I read once, in some dusty and dimly remembered mystery, that subsonic sound (or sound that is much lower in pitch than can be heard) will cause acute anxiety to those within its range. It made an intriguing story. Is there any factual basis for this?
Infrasonic sound, to call it by its right name, has some effect on human “hearers,” although it falls a little short of “acute anxiety.” The frequency range of normal human hearing is 10-24,000 hertz. Researchers have found that frequences as low as one hertz (one cycle per second) have a definite effect on the inner ear, somehow short-circuiting its equilibrium and causing dizziness.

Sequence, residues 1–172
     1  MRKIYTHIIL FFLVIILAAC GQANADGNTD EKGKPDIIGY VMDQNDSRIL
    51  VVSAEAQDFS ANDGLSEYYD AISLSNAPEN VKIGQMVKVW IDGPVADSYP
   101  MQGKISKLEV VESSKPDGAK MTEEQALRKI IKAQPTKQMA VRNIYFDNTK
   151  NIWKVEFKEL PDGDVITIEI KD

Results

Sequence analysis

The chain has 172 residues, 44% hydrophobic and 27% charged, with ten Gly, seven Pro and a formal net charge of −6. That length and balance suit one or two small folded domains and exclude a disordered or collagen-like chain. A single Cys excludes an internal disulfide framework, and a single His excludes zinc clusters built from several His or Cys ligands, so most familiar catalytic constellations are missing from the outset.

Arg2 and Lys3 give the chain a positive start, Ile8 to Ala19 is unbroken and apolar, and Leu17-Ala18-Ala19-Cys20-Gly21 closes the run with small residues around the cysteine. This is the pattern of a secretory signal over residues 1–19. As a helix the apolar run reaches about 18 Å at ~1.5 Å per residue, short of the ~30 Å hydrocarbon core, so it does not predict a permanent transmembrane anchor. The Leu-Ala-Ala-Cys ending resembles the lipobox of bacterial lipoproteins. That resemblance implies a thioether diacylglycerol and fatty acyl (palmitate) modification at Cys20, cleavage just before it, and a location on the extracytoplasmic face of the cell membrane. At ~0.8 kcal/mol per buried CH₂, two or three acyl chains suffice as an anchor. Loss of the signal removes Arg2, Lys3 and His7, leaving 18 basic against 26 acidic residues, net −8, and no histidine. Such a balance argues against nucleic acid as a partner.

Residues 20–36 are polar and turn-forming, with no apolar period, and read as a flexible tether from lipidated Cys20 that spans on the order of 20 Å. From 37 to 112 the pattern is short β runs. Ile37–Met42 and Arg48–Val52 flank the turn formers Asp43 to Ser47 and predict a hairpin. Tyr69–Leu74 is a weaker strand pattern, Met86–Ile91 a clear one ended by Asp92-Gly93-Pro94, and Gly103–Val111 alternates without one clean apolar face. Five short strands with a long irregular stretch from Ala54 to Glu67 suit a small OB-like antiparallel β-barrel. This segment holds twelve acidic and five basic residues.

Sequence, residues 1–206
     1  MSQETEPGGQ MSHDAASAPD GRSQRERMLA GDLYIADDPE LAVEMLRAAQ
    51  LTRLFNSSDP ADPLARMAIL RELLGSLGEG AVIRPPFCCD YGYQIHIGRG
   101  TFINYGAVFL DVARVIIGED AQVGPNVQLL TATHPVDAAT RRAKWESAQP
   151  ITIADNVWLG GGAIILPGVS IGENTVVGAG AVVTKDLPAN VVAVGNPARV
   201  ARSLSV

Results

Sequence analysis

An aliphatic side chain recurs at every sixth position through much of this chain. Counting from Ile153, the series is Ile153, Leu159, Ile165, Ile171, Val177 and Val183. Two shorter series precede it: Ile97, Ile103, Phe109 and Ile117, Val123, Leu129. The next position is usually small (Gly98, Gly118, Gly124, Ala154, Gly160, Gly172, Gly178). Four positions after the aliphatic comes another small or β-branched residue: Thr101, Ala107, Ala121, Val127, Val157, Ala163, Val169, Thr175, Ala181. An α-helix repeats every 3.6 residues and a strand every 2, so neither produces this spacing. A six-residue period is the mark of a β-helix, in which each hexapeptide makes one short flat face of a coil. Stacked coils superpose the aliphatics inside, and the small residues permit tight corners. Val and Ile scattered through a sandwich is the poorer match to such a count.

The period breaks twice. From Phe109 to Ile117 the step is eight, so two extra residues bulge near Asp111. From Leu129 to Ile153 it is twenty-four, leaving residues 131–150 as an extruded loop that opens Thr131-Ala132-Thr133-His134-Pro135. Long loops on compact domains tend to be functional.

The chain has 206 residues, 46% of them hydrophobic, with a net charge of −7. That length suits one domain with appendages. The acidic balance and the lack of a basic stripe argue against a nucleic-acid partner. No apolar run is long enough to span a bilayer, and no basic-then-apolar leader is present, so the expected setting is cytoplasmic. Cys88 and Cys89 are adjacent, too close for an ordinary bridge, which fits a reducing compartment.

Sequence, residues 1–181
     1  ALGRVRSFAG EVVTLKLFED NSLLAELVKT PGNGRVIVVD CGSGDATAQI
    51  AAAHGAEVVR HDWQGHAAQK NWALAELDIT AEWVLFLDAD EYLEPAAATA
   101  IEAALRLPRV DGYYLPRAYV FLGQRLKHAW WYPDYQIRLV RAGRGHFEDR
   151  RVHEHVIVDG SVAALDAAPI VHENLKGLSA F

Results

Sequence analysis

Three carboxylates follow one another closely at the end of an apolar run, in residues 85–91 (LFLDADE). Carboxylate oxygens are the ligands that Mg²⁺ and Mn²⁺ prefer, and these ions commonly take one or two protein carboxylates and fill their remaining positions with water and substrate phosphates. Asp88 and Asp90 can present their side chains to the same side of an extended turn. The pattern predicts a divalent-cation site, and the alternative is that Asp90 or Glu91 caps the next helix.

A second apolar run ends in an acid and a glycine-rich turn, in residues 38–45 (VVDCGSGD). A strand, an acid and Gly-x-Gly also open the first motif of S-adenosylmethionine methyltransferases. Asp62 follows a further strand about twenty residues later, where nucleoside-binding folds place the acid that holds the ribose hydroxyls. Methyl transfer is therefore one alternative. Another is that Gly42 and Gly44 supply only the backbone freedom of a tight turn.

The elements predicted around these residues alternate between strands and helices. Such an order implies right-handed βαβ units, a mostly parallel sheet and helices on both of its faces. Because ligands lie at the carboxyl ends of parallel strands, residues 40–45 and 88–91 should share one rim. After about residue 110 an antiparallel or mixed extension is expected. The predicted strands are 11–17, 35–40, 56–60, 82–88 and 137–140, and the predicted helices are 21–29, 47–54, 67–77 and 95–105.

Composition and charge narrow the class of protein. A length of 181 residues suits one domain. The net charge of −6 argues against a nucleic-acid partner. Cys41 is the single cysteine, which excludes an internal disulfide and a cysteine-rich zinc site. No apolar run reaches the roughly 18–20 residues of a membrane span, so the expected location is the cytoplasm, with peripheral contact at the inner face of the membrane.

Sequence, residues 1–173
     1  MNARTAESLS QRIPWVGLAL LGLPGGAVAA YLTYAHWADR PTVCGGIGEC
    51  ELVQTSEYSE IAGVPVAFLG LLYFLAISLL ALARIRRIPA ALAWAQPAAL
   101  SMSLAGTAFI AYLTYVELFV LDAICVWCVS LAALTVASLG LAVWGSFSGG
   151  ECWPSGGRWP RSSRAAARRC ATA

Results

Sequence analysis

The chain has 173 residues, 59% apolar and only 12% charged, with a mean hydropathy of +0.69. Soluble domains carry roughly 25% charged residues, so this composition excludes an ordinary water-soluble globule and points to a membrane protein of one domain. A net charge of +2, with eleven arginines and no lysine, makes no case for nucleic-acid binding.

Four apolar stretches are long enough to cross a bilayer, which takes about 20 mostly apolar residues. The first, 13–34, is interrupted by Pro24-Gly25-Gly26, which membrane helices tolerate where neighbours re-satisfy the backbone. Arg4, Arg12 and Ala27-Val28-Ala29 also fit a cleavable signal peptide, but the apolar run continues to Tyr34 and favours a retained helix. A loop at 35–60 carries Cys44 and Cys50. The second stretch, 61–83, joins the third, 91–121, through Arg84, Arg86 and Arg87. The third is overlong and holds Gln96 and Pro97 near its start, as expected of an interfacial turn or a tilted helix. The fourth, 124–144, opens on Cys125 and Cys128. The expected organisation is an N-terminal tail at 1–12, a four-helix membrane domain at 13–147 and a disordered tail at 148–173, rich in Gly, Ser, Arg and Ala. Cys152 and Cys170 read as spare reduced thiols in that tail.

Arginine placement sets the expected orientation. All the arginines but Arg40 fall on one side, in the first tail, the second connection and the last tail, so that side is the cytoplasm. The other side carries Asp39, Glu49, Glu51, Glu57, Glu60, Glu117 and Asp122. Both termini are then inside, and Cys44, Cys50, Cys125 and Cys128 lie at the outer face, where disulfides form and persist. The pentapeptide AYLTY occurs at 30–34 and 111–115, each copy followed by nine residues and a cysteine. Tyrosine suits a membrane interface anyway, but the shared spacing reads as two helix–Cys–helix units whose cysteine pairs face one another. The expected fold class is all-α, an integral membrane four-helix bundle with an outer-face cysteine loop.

Infrasonically-induced dizziness may not be the stuff of paranoid fantasies, but it may yet turn out to be a serious problem. In nature, infrasonic waves are produced only by earthquakes–in which event dizziness would probably be the least of your worries. But scientists have discovered that the waves can also be produced by forcing air into an enclosed space–an experiment you can duplicate with frightening accuracy by driving at high speeds with your car windows open. This should give you something to think about as you zip down the highway next summer.
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